Extremely rare early Edo-period storage jar from Sasayama in today’s Hyōgo prefecture. With its sharp-angled shoulders, its broad, flat base and slightly narrowed body, this jar illustrates a Japanese type of storage jars that was invented by Tanba potters for the promotion and export for one of the local famous goods, known as asakura sanshō, or “Japanese pepper”. Asakura sanshō (Zanthoxylum piperitum var. inerme) is a local variation of common Japanese pepper, that is closely related to Chinese Szechuan pepper. However, asakura sanshō only grew wildly in the mountains of the Hyōgo prefecture and gained popularity throughout Japan for its fresh and bright aroma since the late 16th century.
Keeping the dried spice fresh in order to preserve its delicate aroma was not an easy task within the humid climate of the Japanese archipelago. That explains the distinct shape of this type of jars. They have very thick walls to protect the stored goods from humidity and the narrowed shape makes it easier to lift the heavy jars securely with both hands. Another type of this jar can be found in the Shigaraki pottery for senbei, or rice crackers, which was most possibly created under influence of the popular Tanba jars.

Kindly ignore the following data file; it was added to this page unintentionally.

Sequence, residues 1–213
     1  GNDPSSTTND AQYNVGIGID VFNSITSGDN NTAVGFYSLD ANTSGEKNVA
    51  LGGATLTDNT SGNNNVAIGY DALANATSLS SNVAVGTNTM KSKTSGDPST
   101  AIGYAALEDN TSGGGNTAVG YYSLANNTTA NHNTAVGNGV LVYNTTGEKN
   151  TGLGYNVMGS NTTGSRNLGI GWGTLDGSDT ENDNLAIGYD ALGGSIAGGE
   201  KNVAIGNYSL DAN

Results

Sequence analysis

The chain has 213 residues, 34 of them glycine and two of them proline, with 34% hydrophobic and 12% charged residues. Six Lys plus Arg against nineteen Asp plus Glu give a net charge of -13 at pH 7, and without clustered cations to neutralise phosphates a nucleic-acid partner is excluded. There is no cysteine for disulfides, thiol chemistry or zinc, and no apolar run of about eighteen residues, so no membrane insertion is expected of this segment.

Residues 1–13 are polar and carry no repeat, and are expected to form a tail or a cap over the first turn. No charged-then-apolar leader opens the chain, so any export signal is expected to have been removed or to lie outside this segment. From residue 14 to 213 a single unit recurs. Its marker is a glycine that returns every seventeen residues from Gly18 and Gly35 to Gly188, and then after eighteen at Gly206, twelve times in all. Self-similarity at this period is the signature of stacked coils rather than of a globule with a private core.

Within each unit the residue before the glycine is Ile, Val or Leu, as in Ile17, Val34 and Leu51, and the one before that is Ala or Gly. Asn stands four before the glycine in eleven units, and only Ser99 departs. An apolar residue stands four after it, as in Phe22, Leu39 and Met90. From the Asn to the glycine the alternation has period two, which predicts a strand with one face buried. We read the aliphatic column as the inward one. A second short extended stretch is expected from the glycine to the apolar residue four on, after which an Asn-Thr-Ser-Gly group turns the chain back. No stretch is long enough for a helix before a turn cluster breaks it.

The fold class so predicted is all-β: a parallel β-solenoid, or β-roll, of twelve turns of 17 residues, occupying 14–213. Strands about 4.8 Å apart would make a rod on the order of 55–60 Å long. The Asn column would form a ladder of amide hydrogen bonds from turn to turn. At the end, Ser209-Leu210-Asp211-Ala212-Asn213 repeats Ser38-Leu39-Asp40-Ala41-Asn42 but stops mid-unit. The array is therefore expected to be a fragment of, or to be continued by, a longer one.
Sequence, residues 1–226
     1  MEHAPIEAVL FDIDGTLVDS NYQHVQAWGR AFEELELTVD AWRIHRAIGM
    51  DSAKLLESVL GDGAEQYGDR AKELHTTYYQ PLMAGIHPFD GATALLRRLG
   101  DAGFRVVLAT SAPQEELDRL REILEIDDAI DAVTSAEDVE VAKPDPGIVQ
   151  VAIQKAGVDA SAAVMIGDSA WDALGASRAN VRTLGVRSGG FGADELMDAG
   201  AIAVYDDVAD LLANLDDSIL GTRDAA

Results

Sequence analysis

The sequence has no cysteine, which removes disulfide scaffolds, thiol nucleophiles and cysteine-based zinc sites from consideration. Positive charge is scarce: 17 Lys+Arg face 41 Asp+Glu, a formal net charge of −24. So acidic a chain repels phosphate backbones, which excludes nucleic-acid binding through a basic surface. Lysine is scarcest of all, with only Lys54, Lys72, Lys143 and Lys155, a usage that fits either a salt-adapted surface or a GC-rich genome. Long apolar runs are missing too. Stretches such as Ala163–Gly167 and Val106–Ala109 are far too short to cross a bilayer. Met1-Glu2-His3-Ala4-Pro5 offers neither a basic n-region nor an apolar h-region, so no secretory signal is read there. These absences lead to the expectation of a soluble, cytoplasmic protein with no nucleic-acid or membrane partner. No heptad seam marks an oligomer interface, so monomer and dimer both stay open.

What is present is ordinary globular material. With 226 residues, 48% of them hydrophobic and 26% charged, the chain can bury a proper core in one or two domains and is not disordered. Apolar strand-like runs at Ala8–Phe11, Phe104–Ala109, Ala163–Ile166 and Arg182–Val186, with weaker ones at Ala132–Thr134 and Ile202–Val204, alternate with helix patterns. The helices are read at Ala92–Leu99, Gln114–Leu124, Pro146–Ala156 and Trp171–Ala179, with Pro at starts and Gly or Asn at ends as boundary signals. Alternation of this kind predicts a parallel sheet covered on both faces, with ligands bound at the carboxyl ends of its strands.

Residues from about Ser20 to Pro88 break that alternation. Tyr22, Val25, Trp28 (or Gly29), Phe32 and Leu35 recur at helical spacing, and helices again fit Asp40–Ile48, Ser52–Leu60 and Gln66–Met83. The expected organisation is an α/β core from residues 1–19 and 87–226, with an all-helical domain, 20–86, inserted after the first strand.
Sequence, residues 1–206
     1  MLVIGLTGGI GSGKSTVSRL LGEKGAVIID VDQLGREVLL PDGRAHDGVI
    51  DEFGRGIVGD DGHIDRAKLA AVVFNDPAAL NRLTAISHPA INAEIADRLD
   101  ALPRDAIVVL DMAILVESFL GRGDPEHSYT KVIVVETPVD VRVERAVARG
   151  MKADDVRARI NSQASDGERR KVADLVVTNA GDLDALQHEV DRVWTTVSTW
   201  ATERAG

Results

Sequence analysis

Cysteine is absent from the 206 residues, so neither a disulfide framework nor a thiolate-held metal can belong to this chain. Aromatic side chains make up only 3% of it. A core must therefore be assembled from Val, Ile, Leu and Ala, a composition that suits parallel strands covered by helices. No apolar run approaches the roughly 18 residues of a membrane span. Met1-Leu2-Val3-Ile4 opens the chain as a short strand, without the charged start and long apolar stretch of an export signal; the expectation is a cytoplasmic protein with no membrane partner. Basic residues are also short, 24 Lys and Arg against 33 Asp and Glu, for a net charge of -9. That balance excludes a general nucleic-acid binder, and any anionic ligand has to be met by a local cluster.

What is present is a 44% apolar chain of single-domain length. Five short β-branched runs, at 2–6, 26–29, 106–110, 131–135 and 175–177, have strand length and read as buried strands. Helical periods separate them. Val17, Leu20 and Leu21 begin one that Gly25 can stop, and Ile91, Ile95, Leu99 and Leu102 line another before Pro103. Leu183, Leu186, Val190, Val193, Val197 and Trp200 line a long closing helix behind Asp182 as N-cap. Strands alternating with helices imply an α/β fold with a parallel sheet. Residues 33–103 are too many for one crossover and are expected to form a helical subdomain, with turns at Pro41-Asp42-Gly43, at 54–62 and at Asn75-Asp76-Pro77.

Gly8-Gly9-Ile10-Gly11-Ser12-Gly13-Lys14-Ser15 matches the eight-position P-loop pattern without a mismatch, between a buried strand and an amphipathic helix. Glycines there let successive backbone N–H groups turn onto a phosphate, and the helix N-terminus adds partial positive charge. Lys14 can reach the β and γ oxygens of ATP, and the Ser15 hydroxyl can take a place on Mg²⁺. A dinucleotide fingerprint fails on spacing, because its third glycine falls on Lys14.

This fine example of the early 17th century was made of bright red clay on which a natural ash glaze was applied. The clay from Tanba is darker and has less impurities of quartz in comparison to Shigaraki. The ash glaze is of dark green color and shows strong encrustation on the lower part of the vessel’s wall. This effect can also be found on the rim of the mouth and is a result of the ash that circulated through the kiln’s chamber during the firing. On later sanshō tsubos – mostly completely glazed ones – the name of the spice was impressed with a wooden stamp on the wet clay. However, this is not the case here.
Tanba jars were favored for their strong natural impression, and some of the irregularities that first occurred accidentally in the process of making of these wares, were soon forced by the potters to meet the aesthetic expectations of their customers. Like in this example, we see two deformations on the front of the vessel’s wall which were created by the potter to give the piece a more natural looking, “accidental” expression.